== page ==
Film Critic Matt Taylor is enamoured with Annihilation, the second directorial effort from Alex Garland, and Netflix's latest exclusiveWritten by Redbrick Film on 20th March 2018
Review: The Phantom Thread
Film Critic Luis Freijo finds himself sleep-walking through The Phantom Thread, supposedly the final performance of Daniel Day-Lewis
In 1988, Daniel Day-Lewis landed one of his first major roles with the film adaptation of Milan Kundera's The Unbearable Lightness of Being. Thirty years and three Oscars later, Day-Lewis has played what is (supposedly) his final performance in Phantom Thread, which could have been easily named The Unbearable Transcendence of Making Dresses. Because his Reynolds Woodcock, and other characters, spend an unreasonable percentage of the runtime dedicated to the elaboration of pieces of cloth; because, apparently, that activity is involved in a blaze of transcendence; and because, above all, the film is unbearable.
Do not get me wrong: it is not a terrible film. After all, Paul Thomas Anderson is directing and he proves, once again, that he is an exquisite narrator. The camera flows easily and elegantly during the movie, choosing wisely when to move between the workers that sew for Woodcock, the dresses or the parties, and when to stop to witness the usual exchanges between the designer and Alma (Vicky Krieps).
“Above all the film is unbearable.
Nevertheless, the great attractive of the film, a priori, was Daniel Day-Lewis, especially since he announced that he would retire after this film. Let's remember, for the record, that he did something similar in 1997 after The Boxer and moved to Florence to learn how to make shoes. Five years later, he came back as forceful as ever with Gangs of New York. Let's just hope the same now. In any case, there is little doubt that Day-Lewis is the best actor of the last three decades, and one of the very best that ever stood in front of a camera, and yet this doesn't appear as a memorable goodbye.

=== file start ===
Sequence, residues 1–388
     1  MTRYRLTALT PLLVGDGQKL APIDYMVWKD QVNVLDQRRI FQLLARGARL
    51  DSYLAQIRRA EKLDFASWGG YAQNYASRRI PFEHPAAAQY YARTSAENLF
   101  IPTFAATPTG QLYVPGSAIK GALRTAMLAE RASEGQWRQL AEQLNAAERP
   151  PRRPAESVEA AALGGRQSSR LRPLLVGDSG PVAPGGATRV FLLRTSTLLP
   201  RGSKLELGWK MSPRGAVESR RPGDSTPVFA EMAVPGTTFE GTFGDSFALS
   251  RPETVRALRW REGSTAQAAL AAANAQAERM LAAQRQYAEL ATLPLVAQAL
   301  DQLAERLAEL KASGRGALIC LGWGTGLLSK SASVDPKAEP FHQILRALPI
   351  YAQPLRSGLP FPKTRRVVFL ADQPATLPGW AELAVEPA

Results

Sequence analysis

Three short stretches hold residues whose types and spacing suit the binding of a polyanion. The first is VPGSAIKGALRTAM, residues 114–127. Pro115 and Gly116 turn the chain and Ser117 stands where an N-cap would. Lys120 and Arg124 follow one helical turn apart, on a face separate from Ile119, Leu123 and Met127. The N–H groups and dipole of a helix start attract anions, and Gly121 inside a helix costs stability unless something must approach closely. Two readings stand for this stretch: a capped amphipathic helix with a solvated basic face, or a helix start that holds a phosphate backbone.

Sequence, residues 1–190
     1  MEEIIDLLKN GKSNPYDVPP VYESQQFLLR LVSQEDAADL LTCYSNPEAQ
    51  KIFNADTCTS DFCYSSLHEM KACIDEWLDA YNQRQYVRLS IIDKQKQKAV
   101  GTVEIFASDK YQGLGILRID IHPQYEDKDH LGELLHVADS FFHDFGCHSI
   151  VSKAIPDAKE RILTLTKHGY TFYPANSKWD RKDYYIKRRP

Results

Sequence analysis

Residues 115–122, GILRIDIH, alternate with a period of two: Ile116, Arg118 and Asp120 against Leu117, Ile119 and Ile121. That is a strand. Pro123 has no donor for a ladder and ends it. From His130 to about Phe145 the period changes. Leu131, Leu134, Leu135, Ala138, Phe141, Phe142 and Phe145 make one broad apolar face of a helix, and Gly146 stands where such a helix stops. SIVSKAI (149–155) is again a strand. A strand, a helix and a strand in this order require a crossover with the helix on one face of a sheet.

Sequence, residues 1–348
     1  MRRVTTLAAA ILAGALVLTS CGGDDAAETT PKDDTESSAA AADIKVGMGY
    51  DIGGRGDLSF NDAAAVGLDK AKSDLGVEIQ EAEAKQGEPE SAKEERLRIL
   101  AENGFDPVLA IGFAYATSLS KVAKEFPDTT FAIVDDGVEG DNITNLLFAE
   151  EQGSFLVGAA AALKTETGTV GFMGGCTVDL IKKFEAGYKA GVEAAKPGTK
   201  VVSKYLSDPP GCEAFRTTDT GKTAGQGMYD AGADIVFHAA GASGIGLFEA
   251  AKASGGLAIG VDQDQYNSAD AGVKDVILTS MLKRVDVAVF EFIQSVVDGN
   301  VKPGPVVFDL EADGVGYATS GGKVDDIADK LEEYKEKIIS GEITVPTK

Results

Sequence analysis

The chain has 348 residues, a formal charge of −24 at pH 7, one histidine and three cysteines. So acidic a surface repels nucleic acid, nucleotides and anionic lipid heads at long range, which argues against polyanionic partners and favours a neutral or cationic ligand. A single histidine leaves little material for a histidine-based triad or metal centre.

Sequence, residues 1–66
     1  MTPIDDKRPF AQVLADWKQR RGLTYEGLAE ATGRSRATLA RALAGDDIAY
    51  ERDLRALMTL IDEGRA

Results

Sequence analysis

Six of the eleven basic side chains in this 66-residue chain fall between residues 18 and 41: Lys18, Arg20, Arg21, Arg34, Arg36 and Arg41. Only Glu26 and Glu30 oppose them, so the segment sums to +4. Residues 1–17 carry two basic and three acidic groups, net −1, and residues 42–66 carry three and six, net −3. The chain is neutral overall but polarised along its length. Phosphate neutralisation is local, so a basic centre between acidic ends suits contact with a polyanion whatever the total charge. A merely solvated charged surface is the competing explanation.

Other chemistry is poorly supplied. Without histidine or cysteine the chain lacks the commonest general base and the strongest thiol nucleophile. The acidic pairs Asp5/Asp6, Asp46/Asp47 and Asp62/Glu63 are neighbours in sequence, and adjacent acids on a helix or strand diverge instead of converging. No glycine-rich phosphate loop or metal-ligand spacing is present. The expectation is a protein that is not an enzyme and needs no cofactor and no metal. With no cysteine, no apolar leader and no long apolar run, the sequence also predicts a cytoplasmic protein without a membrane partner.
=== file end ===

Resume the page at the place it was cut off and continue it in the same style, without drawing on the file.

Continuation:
“Daniel Day-Lewis' Woodcock lacks the strength and the subtleties of several of his previous roles
What is the problem, then, if the film is well directed and performed with professionalism? The problem is that there does not seem to be any point at all. Is it a film about making dresses? Not quite interesting. Is it a film about a toxic relationship that turns into a ruthless fight for power? It is not well written, then. Scenes of confrontation and reconciliation, of Alma being charming and Woodcock being rude, repeat themselves all over the film. Only the two final sequences bear some interest, when their love turns out to be a sadomasochistic relationship in a psychological level. The result of all this is a tremendously boring film. It is not a matter of slowness. There Will Be Blood was slower and longer than Phantom Thread. Call Me by Your Name also takes its time this year, and it is by far the best film of 2017. It is a matter of slowness combined with emptiness and the depiction of a rich and elitist world that does not speak about anything rather than just a sick relationship. Daniel, it is not worth retiring over Phantom Thread.
Verdict: Although Phantom Thread is an elegantly and exquisitely made film, its formal beauty clashes with a transcendent emptiness. It is not slow, it is just boring. It is nothing close to viking funeral that the last performance by Daniel Day-Lewis should have been.